CBC operating budget cut by $115 million
It’s the worst-kept secret in Canadian television. By 2014-15, CBC’s operating budget will shed $115 million, as part of Canada’s 2012 federal budget. In the same timeframe, Telefilm Canada will shed $10.6 million, while the National Film Board of Canada will shed $6.7 million. The Canadian Radio-television and Telecommunications Commission is relatively lucky, as a $400,000 funding reduction is on tap for 2013–14.
CBC sent a press release on March 29, 2012. The press release states that its 2015: Everyone, Every way strategy will work around the budget reductions. Lobby groups and unions aren’t quite as sanguine about CBC’s budget cuts, including the Canadian Media Guild, ACTRA, and Friends of Canadian Broadcasting.
The Canadian Centre for Policy Studies applauds the budget cuts, as the CCPS calls for CBC’s “inevitable privatization.”
As Alberta gears up for its April 23, 2012 provincial election, the CRTC reminds Albertans of provincial-election-oriented broadcast licensee guidelines.
A call for comments, on amendments to the Specialty Services Regulations, 1990. The proposed amendment will bring Specialty Services Regulations, 1990 in line with Television Broadcasting Regulations, 1987. The latter regulations define an advertisement as a “broadcast in a break within a program or between programs.”
Currently, Shaw Media’s specialty channels must air a maximum 12 minutes of advertising, per clock hour. Shaw Media wants the term “commercial message” defined to exclude “non-traditional advertising,” i.e., things like product placement and virtual ads.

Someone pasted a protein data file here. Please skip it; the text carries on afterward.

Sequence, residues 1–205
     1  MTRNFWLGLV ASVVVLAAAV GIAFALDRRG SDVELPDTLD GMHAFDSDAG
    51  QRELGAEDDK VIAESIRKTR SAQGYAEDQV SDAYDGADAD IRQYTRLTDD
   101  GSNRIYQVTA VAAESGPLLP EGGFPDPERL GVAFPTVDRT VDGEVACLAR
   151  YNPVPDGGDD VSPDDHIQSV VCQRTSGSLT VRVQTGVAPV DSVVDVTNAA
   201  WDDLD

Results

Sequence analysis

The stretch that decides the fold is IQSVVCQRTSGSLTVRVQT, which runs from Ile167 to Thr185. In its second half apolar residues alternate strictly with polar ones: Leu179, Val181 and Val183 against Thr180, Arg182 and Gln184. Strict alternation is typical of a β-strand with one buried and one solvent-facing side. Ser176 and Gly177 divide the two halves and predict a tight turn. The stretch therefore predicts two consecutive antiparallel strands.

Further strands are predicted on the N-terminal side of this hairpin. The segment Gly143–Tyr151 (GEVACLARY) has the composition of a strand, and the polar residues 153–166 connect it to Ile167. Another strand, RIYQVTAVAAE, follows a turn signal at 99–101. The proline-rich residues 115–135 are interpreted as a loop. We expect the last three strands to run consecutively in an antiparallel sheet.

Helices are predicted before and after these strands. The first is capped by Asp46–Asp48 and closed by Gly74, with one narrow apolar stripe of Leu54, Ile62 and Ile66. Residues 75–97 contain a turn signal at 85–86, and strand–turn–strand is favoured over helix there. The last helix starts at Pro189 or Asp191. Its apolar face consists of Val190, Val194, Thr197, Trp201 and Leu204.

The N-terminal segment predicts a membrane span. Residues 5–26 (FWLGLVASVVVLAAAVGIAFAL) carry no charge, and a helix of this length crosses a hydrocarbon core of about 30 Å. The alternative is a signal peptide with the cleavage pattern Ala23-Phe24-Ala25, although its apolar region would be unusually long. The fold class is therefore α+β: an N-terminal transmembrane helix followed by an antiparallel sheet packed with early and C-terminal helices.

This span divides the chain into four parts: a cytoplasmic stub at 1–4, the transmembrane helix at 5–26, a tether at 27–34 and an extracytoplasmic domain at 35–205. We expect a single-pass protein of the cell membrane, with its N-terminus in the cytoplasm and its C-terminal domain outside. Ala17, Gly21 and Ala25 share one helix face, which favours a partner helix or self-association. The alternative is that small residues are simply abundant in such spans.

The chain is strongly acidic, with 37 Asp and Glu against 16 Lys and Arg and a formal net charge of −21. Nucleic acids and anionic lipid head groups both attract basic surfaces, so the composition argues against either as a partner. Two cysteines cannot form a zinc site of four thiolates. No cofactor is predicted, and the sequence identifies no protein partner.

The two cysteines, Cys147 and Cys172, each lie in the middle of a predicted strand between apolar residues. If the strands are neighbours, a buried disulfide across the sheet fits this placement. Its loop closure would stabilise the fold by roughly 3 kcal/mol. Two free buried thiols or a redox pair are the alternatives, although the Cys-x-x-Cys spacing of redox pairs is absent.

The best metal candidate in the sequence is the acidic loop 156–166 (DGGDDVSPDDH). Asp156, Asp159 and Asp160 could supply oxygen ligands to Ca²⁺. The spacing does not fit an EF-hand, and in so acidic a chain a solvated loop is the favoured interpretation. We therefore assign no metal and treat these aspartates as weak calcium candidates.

The amendment also deals with the definition of “demarcation point,” as regards the Broadcasting Distribution Regulations. Bell TV wants the BDU Regulations amended, so that a licensee that owns inside wire in commercial and/or institutional buildings is required to allow subscribers and competing BDUs to use said wire, on request.
108 Media launches Last of the Dragons at MIPTV
108 Media, a newly established distributor and sales agent based in Toronto, will launch a miniseries adaptation of Carl Potts’ Last of the Dragons, at MIPTV 2012. Potts’ comic book series was first published from 1982-83, in the pages of Marvel Comics’ adult title, Epic Illustrated. Last of the Dragons was reprinted as a standalone title in 1988, under Marvel Comics’ Epic imprint.
Potts, best known as co-creator of comic book series Alien Legion, oversees the Last of the Dragons project. Adam Shully, LotD’s producer, was an executive producer on CTV/CBS’ The Bridge (2010), and produced Citytv/SPACE’s Blood Ties (2007-08.) LotD executive producer Mark Shekter is best known for YTV’s Vampire High (2001-02.)
Odds and sods
Netflix claims more than forty percent of Canadian children are accidentally exposed to “inappropriate content” on television. More than seventy percent of parents worry about what their children watch on television, and three out of four parents worry about the advertising content. In a related story, more than ninety percent of me wonders what this press release says, beyond “subscribe to Netflix.”
Shaftesbury, through its Smokebomb Entertainment web series division, launches State of Syn. The science-fiction “motion novel” stars Jewel Staite, David Hewlett, and Rainbow Sun Francks. Ten five-minute episodes begin production in early April 2012.
UK boy band The Wanted appear on Citytv Toronto’s Breakfast Television April 3, 2012.
Peace Point Entertainment Group launches a distribution arm, Peace Point Rights. PPEG/PPR’s MIPTV slate includes gay travel show Bump!, CMT Canada’s Hammer & Chew: Lords of Junk, and Food Network Canada’s Fresh with Anna Olson. PPR aims to obtain other shows, for Canadian and international distribution.
Radical Sheep Productions will be at MIPTV 2012, selling potential buyers on The Bagel and Becky Show. The show is based on Dave Cooper’s 2007 children’s book, Bagel’s Lucky Hat. The Bagel and Becky Show is currently in development with Teletoon.
An added wrinkle to Rogers’ placing 23 per cent of SCN’s gross revenue towards independent films: that money will be spent in Saskatchewan. Other Citytv stations pool their 23 per cent of gross revenue into a cross-Canada fund, which is used to mount local versions of Breakfast Television.
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